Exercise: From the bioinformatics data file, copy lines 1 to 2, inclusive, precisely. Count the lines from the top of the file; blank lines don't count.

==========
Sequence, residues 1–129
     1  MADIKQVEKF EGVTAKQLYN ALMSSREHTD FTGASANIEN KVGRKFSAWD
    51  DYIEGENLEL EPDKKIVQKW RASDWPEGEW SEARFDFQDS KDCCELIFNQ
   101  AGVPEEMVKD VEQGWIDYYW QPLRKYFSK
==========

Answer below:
Sequence, residues 1–129
     1  MADIKQVEKF EGVTAKQLYN ALMSSREHTD FTGASANIEN KVGRKFSAWD